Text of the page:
Too often, discussions about Indigenous communication have been reduced to an analysis of the use of communications technology. It is important to approach Indigenous communication beyond just technology use and explain it from Indigenous points of view. In our towns and communities, we affirm, with increasing force, that we existed long before the arrival of the European colonizers. Our social organization is collective in nature and is rooted in a relationship with Mother Earth. This statement seems simple and is easy to repeat today, but it represents years of resistance, struggle, transformation, and the contradictions that continue among Peoples in Abya Yala (Latin America).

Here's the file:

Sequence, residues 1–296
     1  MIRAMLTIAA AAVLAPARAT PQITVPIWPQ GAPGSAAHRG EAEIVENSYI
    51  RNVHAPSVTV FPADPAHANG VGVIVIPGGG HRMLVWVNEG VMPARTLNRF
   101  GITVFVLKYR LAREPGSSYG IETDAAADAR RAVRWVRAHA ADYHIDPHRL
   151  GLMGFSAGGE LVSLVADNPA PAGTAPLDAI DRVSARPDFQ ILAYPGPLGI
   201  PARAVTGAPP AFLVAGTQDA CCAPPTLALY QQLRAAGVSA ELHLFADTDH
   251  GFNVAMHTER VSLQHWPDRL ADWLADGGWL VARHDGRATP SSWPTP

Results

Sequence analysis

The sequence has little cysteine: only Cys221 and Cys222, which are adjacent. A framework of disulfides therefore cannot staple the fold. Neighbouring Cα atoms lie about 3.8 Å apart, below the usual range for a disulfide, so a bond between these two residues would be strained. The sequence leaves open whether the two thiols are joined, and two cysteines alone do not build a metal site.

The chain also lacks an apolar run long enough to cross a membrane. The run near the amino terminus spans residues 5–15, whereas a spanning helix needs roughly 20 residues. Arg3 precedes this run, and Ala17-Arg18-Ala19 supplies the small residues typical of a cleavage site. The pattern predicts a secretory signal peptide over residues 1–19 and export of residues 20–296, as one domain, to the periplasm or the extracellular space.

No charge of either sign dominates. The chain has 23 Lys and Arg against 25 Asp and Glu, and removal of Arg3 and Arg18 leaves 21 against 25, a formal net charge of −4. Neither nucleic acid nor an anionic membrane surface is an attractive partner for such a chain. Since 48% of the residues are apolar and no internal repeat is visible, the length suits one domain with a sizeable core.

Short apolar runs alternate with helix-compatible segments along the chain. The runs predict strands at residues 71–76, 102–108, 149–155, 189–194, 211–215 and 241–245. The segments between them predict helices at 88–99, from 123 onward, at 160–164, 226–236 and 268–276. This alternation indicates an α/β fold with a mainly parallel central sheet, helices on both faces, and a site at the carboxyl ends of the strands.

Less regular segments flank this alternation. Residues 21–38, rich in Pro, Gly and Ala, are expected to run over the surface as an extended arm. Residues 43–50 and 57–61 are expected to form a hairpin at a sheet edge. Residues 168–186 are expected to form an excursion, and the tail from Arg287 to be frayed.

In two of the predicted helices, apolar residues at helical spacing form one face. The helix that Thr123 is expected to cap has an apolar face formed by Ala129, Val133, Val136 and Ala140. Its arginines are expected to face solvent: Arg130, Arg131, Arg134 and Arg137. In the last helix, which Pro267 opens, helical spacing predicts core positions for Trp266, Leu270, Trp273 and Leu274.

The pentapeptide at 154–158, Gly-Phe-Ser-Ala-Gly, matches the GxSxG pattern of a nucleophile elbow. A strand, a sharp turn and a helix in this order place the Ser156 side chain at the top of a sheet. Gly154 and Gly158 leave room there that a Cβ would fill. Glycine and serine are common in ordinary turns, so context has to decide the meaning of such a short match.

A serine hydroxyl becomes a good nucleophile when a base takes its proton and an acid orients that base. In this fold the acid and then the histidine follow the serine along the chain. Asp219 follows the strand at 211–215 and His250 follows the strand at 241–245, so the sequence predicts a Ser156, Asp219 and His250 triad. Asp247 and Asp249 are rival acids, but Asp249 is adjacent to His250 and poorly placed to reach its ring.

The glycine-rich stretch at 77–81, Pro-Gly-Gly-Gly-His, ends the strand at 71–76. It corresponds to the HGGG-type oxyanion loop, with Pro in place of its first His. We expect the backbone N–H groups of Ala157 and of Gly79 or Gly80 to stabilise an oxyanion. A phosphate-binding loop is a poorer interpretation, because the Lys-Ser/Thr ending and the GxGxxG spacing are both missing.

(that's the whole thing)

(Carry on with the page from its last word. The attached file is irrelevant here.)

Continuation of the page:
These forms of collective organization rooted in relationships with nature are being revitalized and transformed. After five centuries of domination in military, economic, political, philosophical, and religious spheres, it is clear that colonization has not ended. We must name it and denounce it. We also have to talk about the “myth of modernity” in its purest expression, which is developmentalism. This idea has its origin in the medieval cities of Europe and was reaffirmed through the “discoveries” of other lands, which amounted to controlling, forcing, and stripping Native peoples of their livelihoods. This process, which is called “discovery,” is, in reality, a suppression of the other. This suppression represents centuries of resistance, adaptation, and sometimes adoption of the ways imposed by the colonizing power.